However, this initiative is still faced with opposition by the US, which is not supportive of opposition forces controlling multi-sectarian areas in fear of sectarian strife. Additionally, the US also opposes any mass offensive on Damascus, which can lead to the breakdown of the regime militarily. The US vision seeks to find commonalities that can guarantee the transfer of power from al-Assad to another person or to a transitional body that can stop Islamist brigades from taking control over state institutions. The guarantee for this vision is preserving what is left of the army and security apparatus, which can be restructured. Therefore, the US administration is keen on preserving the status quo for two more years until a solution of sorts arises, and also until the transfer of the Syrian file to the next US administration after Obama leaves the White House. It is clear that Obama’s administration is interested in leaving with a legacy of re-establishing diplomatic relations with Cuba and Iran. The administration is also keen on leaving with a legacy of withdrawing its soldiers from conflict areas and not getting involved in any new wars.
The absence of the Shite element, such as Shite fighters from Afghanistan and Pakistan and Revolutionary Guards, and Hezbollah, etc., among the dead and al-Assad regime prisoners, from the battles over Idlib and Jissr al-Shoghour is also worth noting. This component has been the major element of regime-affiliated fighters in the battles in Aleppo in the past. It is still the main component in the battles in the south in Damascus Countryside and Deraa. This shows that there is an implicit understanding, or at least a mutual awareness, of the boundaries of regional control inside Syria. It is no longer feasible for Iran to invest more efforts and incur more costs to maintain geographical areas close to the Turkish borders. On the other hand, the strategic locations for its strongholds are limited to coastal areas, Damascus and the line connecting them both with Lebanon. This prompts the belief that the events will lead to a new map that redraws the distribution of power in Syria within the coming period of time, and that will become clearer in the future and can be anticipated as follows:
Areas under revolutionaries’ control in the northwest of Syria spread out between the Syrian coast and ISIS-controlled areas. These areas will come under the control of Syrian armed brigades.
Areas under ISIS control in the northeast of Syria will be the responsibility of the coalition forces in the coming few years, to deter them from expanding, after realising the difficulty in terminating ISIS without relative political stability in Syria and Iraq.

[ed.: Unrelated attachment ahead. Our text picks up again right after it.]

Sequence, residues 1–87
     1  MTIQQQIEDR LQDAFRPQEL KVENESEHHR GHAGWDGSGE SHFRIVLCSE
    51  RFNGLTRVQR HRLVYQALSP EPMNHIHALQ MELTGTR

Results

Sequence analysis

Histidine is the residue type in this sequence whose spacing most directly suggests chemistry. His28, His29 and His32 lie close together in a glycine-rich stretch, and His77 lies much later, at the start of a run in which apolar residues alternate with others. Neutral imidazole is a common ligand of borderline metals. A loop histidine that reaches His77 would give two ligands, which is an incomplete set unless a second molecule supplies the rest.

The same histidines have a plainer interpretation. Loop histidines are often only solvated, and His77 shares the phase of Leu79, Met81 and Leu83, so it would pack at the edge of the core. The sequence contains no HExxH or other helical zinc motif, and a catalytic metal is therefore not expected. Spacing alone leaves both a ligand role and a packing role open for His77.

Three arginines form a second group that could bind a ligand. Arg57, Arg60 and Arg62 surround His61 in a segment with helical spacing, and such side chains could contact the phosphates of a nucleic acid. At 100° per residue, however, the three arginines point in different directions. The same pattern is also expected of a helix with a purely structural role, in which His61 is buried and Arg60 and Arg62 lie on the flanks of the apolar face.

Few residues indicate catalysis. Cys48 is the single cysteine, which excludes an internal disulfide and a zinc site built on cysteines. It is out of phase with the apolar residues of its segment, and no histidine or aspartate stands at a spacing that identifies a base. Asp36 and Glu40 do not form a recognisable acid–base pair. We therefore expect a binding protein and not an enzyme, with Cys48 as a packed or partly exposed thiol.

The Syrian coast, Homs and Damascus will be areas for the regime and its allies, and political opposition’s desire to entre these areas militarily will constitute a major disagreement with many International powers.
The south, between Damascus and the Jordanian borders, will be a rebel-held area under Saudi and Jordanian supervision.
In the meantime, consultation meetings are taking place in Geneva to discuss the horizon of possible political solutions. Also, a conference for the Syrian opposition is being prepared to take place in Saudi Arabia aiming to revive and reactivate the opposition’s political power abroad. This comes especially after its marginalisation over the past two years, due to its inability to influence and affect the situation on the ground, and its failure to offer added value in presenting the Syrian Revolution internationally. The internal disputes within the Syrian opposition, and regional disputes between countries supporting the opposition, exhausted the already feeble political bodies produced by the opposition. Some informed sources revealed that countries supporting the Syrian opposition are keen on empowering the Coalition through including major military factions under its umbrella, such as Jaysh al-Islam, Ahrar al-Sham and Soqour al-Sham. The same sources confirmed that leaders of these factions received proposals with regards to uniting with the Coalition. Some are also talking about establishing a new opposition body to achieve this goal.
The materialisation of this proposition will increase the possibility of counting on the Syrian opposition, which proved to be highly effective in fighting ISIS at the beginning of 2014, and proved its ability to counter regime forces with the support of a regional cover.
As a conclusion, the arrival of armed opposition to Damascus does not seem in sight or possible in the near future. In addition to that, several major countries are opposed to this idea, due to their vision with regards to the possible solution to the Syrian crisis. In case that happens, it will be the result of unexpected developments related to the breakdown of the Syrian regime or its allies from within. In case the US-Iranian nuclear deal is agreed, it will lead to large flows of money entering into the Iranian treasury. This will, in turn, lead to the prolonging of the conflict for several years to come. Nonetheless, there is still hope that diplomatic negotiations within the coming period will result in agreements that do not necessarily end the war, but that at least guarantee relative calm and stability in areas under the control of armed revolutionary factions. This calm and stability can restore life in these areas.
Surely today, the Syria we knew before 2011 is gone and will never come back, but the Syria we wish for still needs a long time to emerge.